Old Stone Church

MClementReilly

Mount Vernon, United States

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Old Stone Church was born in the upper story of Cleveland’s first log courthouse, a Public Square structure so primitive that historian Arthur Ludlow referred to it as “a place of advent almost as humble as the manger of Bethlehem.” It was here in June of 1819 that a Union Sunday School, the forerunner of Old Stone Church, was established, and it was also here on September 19, 1820, that fifteen residents of the village of Cleveland (10% of the population) would sign the charter officially establishing the church. Residences and commercial properties have come and gone on Public Square in the ensuing years, but the one constant, the only continuing presence, has been The Old Stone Church.

The church was formally incorporated in 1827 as The First Presbyterian Society but the name by which it is better known, Old Stone Church, came later. In 1834 the first church was dedicated. The interior featured a gallery suspended by iron rods, the first reported use of iron in a Cleveland public building, and it contained Cleveland’s first pipe organ. The site had been purchased for $400 and the building cost $9500. Because it was constructed of gray, rough-hammered sandstone, the church became known simply as the “stone church,” as would its successor. Over the years other stone churches were erected, and thus First Presbyterian became the “old stone church.”

By 1853, thanks to the rapid growth of Cleveland, the congregation outgrew its first home and the building was razed for a larger edifice. The new church, dedicated on August 12, 1855, was also made of native sandstone and was designed by renowned architects Charles Heard and Simeon Porter. The Romanesque Revival structure and adjacent parish house cost $60,000. Just nineteen months later, on Saturday morning, March 7, 1857, the new church suffered a devastating fire. A 100-foot stream of water from hand-pumped fire engines was unable to reach the 250’ steeple which crashed onto Ontario Street. Because the walls were virtually intact and the building was insured, restoration immediately began. The restored church was dedicated on January 17, 1858.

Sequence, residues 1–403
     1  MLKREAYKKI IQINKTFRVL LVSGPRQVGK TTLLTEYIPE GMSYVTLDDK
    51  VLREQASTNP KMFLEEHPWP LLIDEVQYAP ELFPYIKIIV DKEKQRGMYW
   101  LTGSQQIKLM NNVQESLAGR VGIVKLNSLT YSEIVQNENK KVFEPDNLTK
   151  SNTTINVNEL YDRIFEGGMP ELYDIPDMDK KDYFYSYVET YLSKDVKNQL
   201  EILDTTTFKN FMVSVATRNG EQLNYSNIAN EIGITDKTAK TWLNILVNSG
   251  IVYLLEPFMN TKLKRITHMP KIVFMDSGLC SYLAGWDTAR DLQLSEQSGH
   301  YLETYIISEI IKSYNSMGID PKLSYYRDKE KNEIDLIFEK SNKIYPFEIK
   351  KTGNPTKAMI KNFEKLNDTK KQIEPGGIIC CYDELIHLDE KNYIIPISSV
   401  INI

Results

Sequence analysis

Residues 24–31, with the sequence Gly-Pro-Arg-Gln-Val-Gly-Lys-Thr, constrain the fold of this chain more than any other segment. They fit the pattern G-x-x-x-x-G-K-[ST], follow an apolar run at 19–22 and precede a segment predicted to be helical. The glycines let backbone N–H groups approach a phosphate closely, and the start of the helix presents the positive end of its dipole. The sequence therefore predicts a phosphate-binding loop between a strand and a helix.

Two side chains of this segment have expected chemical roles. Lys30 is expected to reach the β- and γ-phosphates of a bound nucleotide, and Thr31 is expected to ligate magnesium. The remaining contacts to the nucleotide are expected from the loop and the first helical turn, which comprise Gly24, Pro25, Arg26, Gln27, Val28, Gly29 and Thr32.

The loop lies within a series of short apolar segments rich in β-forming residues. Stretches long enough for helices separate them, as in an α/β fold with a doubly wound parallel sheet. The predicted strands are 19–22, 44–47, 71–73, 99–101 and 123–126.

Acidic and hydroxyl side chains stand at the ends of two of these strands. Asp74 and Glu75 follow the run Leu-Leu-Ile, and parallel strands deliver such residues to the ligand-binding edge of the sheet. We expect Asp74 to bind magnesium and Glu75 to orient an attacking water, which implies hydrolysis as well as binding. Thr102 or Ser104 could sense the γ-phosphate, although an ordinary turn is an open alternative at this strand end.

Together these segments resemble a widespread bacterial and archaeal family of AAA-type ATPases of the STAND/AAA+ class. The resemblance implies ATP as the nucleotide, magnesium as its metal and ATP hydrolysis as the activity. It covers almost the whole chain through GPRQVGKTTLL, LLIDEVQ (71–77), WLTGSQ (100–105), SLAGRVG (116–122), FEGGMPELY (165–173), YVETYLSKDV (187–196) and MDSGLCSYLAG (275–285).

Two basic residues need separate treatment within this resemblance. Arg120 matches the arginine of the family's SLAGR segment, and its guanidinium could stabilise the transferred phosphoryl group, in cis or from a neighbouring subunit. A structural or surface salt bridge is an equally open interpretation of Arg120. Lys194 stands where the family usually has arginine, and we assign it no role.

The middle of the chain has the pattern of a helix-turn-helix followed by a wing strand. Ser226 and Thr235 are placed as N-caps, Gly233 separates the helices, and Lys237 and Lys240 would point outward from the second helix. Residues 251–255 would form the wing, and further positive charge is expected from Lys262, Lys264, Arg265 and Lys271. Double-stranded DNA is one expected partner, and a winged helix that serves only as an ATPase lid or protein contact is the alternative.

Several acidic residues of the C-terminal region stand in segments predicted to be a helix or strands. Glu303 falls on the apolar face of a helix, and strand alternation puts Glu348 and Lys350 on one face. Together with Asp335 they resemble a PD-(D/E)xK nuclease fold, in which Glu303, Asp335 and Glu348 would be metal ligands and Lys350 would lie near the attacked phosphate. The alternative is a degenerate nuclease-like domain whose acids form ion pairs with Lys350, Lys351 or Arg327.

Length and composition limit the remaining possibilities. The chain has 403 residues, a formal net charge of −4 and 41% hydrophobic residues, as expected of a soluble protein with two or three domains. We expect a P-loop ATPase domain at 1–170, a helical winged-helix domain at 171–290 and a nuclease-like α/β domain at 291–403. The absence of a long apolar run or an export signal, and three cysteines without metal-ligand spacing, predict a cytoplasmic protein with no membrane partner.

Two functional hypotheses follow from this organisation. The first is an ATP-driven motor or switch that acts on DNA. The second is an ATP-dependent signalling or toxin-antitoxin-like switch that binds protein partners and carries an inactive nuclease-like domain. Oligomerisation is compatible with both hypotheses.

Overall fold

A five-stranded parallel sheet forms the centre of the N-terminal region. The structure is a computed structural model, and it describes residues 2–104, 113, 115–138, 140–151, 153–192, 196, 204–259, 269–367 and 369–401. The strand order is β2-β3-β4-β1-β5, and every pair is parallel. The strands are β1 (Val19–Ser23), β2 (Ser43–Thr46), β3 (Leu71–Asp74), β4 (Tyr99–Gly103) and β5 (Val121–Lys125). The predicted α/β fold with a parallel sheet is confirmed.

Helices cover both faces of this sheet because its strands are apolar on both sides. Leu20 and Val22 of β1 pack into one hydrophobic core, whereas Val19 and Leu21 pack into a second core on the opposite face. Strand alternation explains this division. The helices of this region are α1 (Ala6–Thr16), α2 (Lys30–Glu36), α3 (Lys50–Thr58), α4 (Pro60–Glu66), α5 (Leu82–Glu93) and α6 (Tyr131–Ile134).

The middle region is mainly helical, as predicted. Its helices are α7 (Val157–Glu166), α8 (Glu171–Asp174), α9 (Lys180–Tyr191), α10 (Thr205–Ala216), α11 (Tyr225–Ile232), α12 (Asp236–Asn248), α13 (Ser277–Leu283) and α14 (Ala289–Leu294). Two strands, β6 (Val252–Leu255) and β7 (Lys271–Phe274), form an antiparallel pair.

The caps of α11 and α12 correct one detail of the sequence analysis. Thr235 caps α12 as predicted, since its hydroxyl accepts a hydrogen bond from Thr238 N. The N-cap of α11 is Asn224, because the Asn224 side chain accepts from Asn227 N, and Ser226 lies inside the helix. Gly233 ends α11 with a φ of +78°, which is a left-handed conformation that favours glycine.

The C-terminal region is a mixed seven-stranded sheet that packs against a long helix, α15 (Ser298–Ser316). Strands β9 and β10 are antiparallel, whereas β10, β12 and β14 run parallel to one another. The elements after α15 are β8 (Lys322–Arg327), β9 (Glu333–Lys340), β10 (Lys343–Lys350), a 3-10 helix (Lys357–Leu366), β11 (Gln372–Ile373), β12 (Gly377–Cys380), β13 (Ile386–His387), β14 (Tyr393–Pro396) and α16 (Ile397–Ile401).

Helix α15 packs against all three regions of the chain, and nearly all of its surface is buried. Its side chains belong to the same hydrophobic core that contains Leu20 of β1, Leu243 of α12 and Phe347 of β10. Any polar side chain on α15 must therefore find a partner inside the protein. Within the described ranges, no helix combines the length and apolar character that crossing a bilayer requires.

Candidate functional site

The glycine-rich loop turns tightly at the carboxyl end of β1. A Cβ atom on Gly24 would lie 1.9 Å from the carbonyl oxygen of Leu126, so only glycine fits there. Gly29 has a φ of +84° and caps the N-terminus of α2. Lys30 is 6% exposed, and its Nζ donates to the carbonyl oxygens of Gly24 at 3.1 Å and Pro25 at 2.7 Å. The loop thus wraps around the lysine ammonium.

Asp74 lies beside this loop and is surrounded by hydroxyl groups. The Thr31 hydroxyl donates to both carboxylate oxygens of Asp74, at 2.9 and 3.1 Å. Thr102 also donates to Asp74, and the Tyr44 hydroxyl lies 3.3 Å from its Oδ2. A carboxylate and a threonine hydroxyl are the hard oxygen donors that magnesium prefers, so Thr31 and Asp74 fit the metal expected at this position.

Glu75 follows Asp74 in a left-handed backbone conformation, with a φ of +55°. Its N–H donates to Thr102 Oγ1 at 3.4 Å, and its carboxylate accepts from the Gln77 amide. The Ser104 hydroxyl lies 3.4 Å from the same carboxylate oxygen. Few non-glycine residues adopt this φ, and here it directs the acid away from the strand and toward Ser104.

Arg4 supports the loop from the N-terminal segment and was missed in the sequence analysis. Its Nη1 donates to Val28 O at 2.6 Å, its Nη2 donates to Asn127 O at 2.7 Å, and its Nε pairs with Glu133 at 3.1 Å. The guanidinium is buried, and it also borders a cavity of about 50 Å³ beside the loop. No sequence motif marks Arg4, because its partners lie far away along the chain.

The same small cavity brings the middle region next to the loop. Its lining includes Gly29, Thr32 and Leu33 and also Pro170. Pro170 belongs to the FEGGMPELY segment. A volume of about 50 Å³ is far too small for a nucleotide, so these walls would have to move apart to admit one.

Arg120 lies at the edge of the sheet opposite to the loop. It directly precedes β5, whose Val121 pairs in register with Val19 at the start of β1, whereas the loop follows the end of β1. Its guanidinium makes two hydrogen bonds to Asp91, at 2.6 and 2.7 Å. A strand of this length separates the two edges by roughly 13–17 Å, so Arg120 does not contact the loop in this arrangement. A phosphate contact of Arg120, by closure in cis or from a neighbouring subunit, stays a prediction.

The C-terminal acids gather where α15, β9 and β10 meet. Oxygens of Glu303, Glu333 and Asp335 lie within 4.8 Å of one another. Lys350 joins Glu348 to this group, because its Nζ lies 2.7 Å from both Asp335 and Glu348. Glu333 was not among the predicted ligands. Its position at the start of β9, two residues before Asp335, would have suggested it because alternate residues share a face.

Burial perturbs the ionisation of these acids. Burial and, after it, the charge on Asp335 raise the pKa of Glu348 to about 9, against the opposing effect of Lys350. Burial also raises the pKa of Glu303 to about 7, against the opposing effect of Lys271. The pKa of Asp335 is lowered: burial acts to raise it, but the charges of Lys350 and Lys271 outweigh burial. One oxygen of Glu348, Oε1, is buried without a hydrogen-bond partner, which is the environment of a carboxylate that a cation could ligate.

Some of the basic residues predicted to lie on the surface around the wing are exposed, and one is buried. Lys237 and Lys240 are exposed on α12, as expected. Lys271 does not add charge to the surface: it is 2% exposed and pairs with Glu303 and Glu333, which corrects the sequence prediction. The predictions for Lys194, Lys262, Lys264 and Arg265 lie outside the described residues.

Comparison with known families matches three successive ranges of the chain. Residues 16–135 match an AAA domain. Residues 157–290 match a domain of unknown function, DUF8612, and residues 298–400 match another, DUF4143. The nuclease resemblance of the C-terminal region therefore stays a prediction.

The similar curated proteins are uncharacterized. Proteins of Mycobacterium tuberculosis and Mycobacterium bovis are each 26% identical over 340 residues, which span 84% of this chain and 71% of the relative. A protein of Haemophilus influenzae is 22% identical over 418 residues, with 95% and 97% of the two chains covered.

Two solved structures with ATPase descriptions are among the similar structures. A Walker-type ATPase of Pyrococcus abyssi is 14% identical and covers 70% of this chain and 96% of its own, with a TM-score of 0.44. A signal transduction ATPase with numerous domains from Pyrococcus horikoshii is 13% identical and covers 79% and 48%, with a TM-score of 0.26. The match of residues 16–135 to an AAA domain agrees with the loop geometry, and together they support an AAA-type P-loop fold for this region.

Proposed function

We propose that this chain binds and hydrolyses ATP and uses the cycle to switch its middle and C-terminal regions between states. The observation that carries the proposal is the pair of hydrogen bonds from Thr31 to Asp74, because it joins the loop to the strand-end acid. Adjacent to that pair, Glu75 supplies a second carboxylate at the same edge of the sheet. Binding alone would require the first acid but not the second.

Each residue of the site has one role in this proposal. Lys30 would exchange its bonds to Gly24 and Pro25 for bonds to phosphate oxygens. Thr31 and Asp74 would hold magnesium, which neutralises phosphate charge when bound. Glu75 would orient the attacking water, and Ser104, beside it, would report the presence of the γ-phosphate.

The second disastrous fire to hit Old Stone occurred on January 5, 1884. The fire began in the adjoining Wick Building’s Park Theater, apparently due to a gas explosion. At first, the fire was confined to the theater and it was thought that Old Stone’s heavy brick-lined stone walls, slate roof and iron fittings might save the church this time. Intense heat eventually ignited the auditorium ceiling and soon the interior was a mass of flames. Since the fire again occurred on a Saturday, hurried preparations were made for Sunday’s service, held at Plymouth Congregational Church. Rev. Dr. Arthur Mitchell’s text was a masterful understatement, “Thou knowest not what a day may bring forth.”